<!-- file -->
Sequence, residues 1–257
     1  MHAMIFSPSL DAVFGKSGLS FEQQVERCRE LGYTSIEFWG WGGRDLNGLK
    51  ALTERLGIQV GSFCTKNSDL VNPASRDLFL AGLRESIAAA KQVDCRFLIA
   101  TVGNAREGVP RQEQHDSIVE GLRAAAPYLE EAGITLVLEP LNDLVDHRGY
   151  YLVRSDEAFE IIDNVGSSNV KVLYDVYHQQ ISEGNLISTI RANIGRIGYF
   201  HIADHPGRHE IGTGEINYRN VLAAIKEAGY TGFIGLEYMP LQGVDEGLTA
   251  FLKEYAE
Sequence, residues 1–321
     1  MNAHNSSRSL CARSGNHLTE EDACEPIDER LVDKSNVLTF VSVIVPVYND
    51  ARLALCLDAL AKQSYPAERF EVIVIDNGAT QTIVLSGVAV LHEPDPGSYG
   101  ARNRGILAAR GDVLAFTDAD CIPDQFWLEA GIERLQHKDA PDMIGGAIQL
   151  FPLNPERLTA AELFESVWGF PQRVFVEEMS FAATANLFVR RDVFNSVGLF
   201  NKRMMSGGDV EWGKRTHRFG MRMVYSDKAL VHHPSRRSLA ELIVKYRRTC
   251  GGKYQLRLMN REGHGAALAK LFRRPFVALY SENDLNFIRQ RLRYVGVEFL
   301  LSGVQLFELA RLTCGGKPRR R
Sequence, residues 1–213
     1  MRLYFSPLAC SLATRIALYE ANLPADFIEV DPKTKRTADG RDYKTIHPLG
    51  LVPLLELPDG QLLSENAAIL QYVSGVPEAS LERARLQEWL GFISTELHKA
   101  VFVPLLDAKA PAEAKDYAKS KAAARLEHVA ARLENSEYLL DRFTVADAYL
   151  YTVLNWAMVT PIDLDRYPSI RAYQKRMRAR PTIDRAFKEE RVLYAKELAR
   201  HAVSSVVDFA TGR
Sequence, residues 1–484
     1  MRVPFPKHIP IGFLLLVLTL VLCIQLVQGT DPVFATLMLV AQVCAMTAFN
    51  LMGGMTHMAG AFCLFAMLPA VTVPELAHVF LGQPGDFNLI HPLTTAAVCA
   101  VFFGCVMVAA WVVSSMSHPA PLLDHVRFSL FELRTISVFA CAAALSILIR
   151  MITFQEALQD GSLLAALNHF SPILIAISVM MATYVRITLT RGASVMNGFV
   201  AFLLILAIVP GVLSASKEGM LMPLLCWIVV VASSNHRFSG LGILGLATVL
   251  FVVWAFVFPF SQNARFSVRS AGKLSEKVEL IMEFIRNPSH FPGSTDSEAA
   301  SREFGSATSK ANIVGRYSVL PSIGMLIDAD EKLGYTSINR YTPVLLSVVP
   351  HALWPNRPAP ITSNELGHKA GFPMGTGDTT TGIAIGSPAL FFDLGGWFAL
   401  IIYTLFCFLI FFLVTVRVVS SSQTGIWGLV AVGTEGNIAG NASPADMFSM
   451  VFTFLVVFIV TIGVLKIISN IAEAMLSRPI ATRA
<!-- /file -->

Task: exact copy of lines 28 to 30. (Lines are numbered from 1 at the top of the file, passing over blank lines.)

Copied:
   251  FVVWAFVFPF SQNARFSVRS AGKLSEKVEL IMEFIRNPSH FPGSTDSEAA
   301  SREFGSATSK ANIVGRYSVL PSIGMLIDAD EKLGYTSINR YTPVLLSVVP
   351  HALWPNRPAP ITSNELGHKA GFPMGTGDTT TGIAIGSPAL FFDLGGWFAL